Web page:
Children Are Bored on Sunday 1953
Stories [with John Cheever, Daniel Fuchs, and William Maxwell] 1956
Bad Characters 1964
Selected Stories of Jean Stafford 1966
The Collected Stories of Jean Stafford 1969
Other Major Works
Boston Adventure (novel) 1944
The Mountain Lion (novel) 1947
The Catherine Wheel (novel) 1952
*The Interior Castle (collected works) 1953
Arabian Nights: The Lion and the Carpenter and Other Tales from the Arabian Nights, Retold (children's book) 1962
Elephi, the Cat with a High I.Q. (children's book) 1962 A Mother in History (nonfiction) 1966
*This volume includes the novels Boston Adventure and The Mountain Lion as well as the short story collection Children Are Bored on Sunday.
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SOURCE: "Memories of Metaphysics," in Saturday Review, May 9, 1953, p. 19.
[In the following review, Jones finds the stories in Children Are Bored on Sunday masterfully written, but sometimes to a fault ]
Of the extraordinary ability of Jean Stafford as an imaginative writer there can be no doubt, but the quality of that ability is difficult to define. Her new collection of sketches and short stories, Children Are Bored on Sunday, raises the whole problem of the nature of her talent, its strength, and its weakness.
It is, of course, an extraordinarily perceptive talent; it is also a talent having masterly control over language as an instrument. There is no sentence in the volume which does not have its clean, precise line. Difficult ideas are stated with effortless ease, the difficulty of the idea not being a metaphysical difficulty but a difficulty of conveying to the reader the impression made upon some problematical personality by a particular human situation. The visible world exists. The visibility of the world is a double visibility—the world is visible alike to the writer and to the character under scrutiny, and yet the duple quality of the vision is everywhere scrupulously conveyed.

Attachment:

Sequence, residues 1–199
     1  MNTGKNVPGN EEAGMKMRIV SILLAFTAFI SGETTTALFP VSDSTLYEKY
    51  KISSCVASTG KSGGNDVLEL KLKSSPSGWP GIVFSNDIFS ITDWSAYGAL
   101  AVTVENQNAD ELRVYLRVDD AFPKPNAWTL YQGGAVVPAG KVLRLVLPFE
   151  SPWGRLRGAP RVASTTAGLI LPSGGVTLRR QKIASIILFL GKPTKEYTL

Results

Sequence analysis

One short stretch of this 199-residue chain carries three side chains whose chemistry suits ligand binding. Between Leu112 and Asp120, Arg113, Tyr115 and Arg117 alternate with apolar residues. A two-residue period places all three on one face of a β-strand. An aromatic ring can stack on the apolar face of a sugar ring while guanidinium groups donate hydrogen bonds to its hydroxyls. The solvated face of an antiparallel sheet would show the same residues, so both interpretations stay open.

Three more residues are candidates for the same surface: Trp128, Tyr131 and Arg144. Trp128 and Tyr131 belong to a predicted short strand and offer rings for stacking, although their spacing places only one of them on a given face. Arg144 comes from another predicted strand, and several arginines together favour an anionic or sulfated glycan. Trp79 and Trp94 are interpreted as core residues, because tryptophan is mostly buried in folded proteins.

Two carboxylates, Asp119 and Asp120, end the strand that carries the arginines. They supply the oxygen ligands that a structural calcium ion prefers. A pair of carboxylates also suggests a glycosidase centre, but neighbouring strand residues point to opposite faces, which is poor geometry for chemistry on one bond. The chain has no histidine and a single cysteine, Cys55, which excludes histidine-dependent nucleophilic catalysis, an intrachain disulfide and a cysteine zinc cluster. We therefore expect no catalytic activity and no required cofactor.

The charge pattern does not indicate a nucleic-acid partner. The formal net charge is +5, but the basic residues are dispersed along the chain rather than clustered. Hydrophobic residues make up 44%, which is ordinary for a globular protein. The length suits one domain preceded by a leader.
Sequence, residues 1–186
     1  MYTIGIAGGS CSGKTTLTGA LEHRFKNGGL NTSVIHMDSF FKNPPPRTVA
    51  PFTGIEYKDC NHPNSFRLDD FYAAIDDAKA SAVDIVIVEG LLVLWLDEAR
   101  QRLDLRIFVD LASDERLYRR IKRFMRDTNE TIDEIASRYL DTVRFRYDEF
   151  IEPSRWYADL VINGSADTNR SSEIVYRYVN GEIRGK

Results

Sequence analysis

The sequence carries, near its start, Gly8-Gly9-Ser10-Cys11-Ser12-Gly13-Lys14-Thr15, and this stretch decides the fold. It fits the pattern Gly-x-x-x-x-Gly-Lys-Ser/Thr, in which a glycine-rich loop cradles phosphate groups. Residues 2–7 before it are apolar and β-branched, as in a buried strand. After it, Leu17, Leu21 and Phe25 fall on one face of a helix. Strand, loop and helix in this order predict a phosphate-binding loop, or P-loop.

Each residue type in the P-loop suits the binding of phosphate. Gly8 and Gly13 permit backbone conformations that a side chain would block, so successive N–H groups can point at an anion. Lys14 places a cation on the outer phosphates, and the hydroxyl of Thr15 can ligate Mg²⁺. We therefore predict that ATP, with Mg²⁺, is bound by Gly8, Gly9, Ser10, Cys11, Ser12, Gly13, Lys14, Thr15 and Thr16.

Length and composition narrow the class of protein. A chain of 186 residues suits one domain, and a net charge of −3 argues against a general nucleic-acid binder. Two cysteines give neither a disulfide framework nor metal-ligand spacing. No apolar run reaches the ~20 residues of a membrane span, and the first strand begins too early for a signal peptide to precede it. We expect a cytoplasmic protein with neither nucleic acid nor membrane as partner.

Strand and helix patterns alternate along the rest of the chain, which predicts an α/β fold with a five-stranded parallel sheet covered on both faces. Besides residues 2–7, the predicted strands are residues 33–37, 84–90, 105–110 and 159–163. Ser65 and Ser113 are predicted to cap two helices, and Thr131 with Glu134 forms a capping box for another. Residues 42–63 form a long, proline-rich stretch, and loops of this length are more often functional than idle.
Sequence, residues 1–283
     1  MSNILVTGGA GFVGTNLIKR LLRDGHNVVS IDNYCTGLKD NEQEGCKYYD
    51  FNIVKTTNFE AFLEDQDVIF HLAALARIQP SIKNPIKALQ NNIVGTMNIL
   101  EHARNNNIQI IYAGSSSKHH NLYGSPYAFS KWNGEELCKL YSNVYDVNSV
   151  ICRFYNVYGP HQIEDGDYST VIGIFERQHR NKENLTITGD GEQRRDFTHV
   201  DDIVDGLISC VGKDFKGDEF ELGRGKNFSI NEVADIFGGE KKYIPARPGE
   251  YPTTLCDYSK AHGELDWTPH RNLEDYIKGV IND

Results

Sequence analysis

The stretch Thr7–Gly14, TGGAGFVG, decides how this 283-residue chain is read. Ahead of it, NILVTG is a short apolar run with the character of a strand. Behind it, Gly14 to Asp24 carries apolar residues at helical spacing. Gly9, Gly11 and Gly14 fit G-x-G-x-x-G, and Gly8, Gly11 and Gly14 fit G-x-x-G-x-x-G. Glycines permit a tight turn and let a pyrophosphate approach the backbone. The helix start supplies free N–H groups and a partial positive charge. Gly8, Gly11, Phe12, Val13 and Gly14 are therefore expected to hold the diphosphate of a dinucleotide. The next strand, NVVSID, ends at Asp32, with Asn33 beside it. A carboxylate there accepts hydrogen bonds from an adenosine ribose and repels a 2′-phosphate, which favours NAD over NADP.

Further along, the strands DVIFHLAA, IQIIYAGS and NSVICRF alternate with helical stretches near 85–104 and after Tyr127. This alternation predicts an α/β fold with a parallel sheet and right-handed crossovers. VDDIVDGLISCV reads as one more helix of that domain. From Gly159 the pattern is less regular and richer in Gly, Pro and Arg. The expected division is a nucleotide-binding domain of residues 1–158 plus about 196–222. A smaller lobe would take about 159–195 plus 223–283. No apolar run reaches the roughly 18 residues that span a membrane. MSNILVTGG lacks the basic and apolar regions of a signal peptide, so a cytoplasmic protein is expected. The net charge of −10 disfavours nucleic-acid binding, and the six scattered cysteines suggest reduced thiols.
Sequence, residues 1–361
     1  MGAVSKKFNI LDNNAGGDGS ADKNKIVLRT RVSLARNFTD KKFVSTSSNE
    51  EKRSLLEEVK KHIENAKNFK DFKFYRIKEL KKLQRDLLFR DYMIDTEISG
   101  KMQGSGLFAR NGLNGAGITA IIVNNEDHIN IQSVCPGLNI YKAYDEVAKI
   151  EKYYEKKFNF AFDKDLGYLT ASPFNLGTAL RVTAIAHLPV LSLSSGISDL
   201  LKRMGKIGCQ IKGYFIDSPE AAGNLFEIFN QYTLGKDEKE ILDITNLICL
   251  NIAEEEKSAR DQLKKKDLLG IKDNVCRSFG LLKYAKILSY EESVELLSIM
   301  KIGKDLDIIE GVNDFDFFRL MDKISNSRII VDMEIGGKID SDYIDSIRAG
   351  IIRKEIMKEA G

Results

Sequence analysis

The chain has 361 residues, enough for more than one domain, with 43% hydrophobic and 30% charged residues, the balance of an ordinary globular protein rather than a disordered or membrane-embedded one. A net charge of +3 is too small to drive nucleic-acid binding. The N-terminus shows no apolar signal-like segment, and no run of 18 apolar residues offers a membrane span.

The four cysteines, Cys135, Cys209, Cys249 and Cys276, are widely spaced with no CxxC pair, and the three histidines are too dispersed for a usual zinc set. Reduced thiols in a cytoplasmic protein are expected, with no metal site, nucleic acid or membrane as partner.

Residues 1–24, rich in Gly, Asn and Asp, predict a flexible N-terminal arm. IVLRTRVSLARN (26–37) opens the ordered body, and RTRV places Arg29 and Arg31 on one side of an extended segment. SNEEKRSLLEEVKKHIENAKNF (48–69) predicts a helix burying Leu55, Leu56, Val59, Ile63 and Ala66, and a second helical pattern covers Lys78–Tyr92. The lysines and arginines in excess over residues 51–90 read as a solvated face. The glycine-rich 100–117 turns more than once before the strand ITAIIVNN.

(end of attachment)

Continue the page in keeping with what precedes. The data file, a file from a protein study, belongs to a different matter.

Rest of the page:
And yet, despite all this remarkable ability, Children Are Bored on Sunday leaves upon this reader, at least, a mixed and somewhat disturbing impression....
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SOURCE: "A Bleak, Sad World," in The New York Times Book Review, May 10, 1953, p. 5.
[Peden is an American writer, critic, and educator. In this review of Children Are Bored on Sunday, he finds the stories beautiful, sad, and complex.]
To paraphrase a comment once made by James Branch Cabell, Jean Stafford seems to have dedicated herself to writing beautifully about unbeautiful matters. The smell of the sickroom hovers like an incubus over these sad and unforgettable short stories [in Children Are Bored on Sunday]. Maladies or misfortunes of one sort or other cause Miss Stafford's characters to retreat from the world of customary urges and responses into a never-never land of dreams and unfulfilled desires, a land where sickness is king and despair his consort. Within its boundaries, Miss Stafford writes with certainty, understanding and beauty. Like her three novels, these stories, within their impeccable framework, are meaningful and complex. They remind me of children's Japanese flower-shells which when submerged in water open silently to disgorge a phantasmagoria of paper flowers, richly colored, varied and vaguely grotesque in contrast to the bland, unrevealing walls of their temporary habitations.
Most of Miss Stafford's stories center around an individual who is struggling to maintain his identity and self-respect in the face of some abnormality or accident of fate which...
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SOURCE: "Jean Stafford and the Ironic Vision," in SAQ: South Atlantic Quarterly, Vol. LXI, No. 4, Autumn, 1962, pp. 484-91.